Expectations are funny things. When we start to expect something, we also start to count on it. Once we start counting on something to happen, we start to make plans. Then, if we aren’t careful, we even start to act as if it’s already a reality. In our minds it becomes something that’s guaranteed to happen.
This attitude can lead to very risky behavior. Say you received a bonus the last two years. I bet you’re expecting it again this year. Of course, there’s nothing wrong with thinking positively — unless you’re already spending the bonus before you have it. I know of more than one person who assumed they could afford a more expensive house or a fancier car because the expected bonus would make up the difference. Then, when it didn’t happen, they were left scrambling to make the numbers work.
It’s no surprise that we also play the expectations game with our investments, too. We almost all have expectations about what the markets will do in the future, and it’s not just individuals who have these expectations. A recent report from the Pew Charitable Trust indicated that state pension plans, on average, are making plans based on an assumption of future returns close to 8 percent. That sounds great in theory, but what’s their backup plan if it doesn’t happen?
We’re particularly good at building up our expectations around our future goals, too. In many cases, we’ve worked toward a particular goal for a really long time. Then, if it doesn’t happen, often because of something outside our control, we feel shortchanged. I’ve had several conversations recently with people who feel like their lives just don’t match their expectations. As a result, they’re incredibly unhappy, even though from the outside looking in, they appear to have great lives.
All these examples remind me of a definition I heard many years ago for disappointment: It’s the difference between reality and expectations. If that’s the case, then it strikes me that we aren’t asking ourselves the right questions when it comes to our expectations. Even more important, we aren’t positioning ourselves to behave reasonably when expectations don’t become a reality.
With that in mind, I suggest giving expectations a reality check by asking ourselves three questions.
■ Does it do any good to have expectations?
You can make a strong argument that having expectations can cause of a lot of pain. By setting an expectation for a specific outcome, we become heavily invested in that outcome. But so often we aren’t in control of how things turn out. We’re only in control of our day-to-day actions. In other words, we’re often only in control of the process. For instance, we can have expectations about what retirement “should” look like, but we ultimately control very little of the outcome.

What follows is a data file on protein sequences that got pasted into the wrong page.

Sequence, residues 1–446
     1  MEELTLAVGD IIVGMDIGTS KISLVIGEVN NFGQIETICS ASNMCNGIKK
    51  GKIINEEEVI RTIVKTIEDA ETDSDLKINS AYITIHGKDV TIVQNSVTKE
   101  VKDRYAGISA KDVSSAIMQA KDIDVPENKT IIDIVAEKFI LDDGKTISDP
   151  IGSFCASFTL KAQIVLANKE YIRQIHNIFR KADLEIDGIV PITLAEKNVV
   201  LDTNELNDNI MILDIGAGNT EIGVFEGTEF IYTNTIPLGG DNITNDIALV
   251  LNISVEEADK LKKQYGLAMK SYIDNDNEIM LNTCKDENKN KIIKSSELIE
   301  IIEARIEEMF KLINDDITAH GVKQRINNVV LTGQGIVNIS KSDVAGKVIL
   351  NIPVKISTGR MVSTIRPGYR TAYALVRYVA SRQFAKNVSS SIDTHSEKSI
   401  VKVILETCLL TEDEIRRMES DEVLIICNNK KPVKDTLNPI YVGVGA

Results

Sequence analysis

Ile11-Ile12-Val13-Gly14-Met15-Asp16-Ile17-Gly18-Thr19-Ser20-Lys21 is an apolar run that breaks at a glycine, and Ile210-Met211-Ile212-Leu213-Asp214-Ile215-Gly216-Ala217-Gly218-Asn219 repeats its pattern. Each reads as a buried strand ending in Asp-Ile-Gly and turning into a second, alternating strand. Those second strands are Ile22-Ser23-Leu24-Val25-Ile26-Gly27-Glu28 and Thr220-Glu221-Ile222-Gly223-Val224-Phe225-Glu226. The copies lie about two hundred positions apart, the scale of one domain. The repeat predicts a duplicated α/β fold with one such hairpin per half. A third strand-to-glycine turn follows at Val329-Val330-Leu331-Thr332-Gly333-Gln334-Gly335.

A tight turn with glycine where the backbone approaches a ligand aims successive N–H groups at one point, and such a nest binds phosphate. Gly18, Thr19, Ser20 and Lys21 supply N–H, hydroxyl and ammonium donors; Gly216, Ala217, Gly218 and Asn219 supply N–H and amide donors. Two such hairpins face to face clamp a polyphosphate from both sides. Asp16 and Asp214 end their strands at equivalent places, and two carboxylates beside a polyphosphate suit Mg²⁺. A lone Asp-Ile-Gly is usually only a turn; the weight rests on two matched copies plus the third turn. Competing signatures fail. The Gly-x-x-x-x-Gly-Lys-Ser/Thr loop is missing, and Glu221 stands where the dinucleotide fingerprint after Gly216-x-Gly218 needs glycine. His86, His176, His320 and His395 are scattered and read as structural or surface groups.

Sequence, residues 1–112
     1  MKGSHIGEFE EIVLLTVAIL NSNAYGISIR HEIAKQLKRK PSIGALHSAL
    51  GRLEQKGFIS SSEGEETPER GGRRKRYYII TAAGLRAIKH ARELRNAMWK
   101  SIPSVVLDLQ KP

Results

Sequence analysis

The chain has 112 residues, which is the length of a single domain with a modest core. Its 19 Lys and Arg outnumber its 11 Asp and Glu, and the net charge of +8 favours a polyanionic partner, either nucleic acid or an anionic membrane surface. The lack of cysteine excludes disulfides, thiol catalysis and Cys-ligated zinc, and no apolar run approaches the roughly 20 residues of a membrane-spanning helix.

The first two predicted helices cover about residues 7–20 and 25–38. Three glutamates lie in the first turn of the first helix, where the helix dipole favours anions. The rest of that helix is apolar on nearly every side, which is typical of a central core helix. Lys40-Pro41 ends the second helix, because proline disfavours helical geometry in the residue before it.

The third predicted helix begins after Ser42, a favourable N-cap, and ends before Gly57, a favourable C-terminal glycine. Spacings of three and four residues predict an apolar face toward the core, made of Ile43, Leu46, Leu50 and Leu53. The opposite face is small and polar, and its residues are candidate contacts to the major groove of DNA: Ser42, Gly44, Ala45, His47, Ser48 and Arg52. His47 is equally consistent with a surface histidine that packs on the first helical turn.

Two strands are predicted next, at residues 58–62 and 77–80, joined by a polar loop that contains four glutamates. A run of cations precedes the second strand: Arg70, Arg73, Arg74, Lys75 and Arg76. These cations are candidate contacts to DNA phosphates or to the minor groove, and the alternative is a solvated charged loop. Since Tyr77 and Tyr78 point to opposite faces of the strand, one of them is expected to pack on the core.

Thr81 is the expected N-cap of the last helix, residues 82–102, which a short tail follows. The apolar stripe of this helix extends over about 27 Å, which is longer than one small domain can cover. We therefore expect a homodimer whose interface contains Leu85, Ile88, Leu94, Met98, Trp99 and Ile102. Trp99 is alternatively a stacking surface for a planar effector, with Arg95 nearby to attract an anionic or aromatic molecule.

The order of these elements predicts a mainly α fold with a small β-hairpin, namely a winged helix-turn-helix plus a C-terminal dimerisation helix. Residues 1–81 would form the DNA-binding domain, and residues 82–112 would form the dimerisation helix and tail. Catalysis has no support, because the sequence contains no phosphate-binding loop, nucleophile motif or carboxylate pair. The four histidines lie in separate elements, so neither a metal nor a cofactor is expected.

Just take a look around. I have a strong sense that what baby boomers expected retirement to look like 40 years ago doesn’t match up very well with the current reality. Things change and circumstances outside our control can upend even the best planned expectations.
■If we have expectations, are they realistic?
I love mountain biking, but I also know that while I may become a better rider, there’s a ceiling on my ability. Between my age and talent, I know I won’t be signing any sponsorship deals. But because I’ve kept my expectations realistic, I still get a lot of pleasure out of doing better in a race this week than I did last week. Too often, I think we subscribe to the very American way of thinking that anything is possible if we just try hard enough. Then, we’re shocked and unhappy when things don’t work out the way we expected.
We can’t overlook certain, fundamental realities. For example, if you expect to become a multimillionaire but delay saving or investing any money until you turn 45, the odds are stacked against you. It’s not impossible, but it is highly improbable and an almost guaranteed path to disappointment. If we have expectations, they need to be grounded, at least in part, with our current reality.
■Have we set expectations based on our neighbors’ expectations?
Peer pressure is incredibly difficult to handle, even as adults. Think about the conversations we have at the office, in the grocery store or at the neighborhood barbecue. We hear about the neighbor buying the vacation home or the co-worker who found a way to beat the market. We’re tempted to try to match, or even surpass, whatever they did. But in our heart of hearts, do those things really matter to us or are we caught up in the game of trying to outperform the rest of our group?
It’s a slippery slope when we start comparing what we say we want to the wants of the people around us. We don’t live their lives and they don’t live ours, so why do the human version of comparing apples to oranges? When we set expectations, we need to be really clear about their source. If those expectations come from a third party, we need to seriously consider whether they’re worth the potential disappointment.
Getting more realistic about our expectations isn’t an excuse to be lazy. We still need to look ahead and take steps to improve our situations, but we can’t let what we think will happen stop us from dealing with today. In fact, by focusing on the small actions — the daily process — instead of some grand expectation or goal, we give ourselves a much better shot at what we ultimately want most: happiness.
This commentary originally appeared June 30 on NYTimes.com
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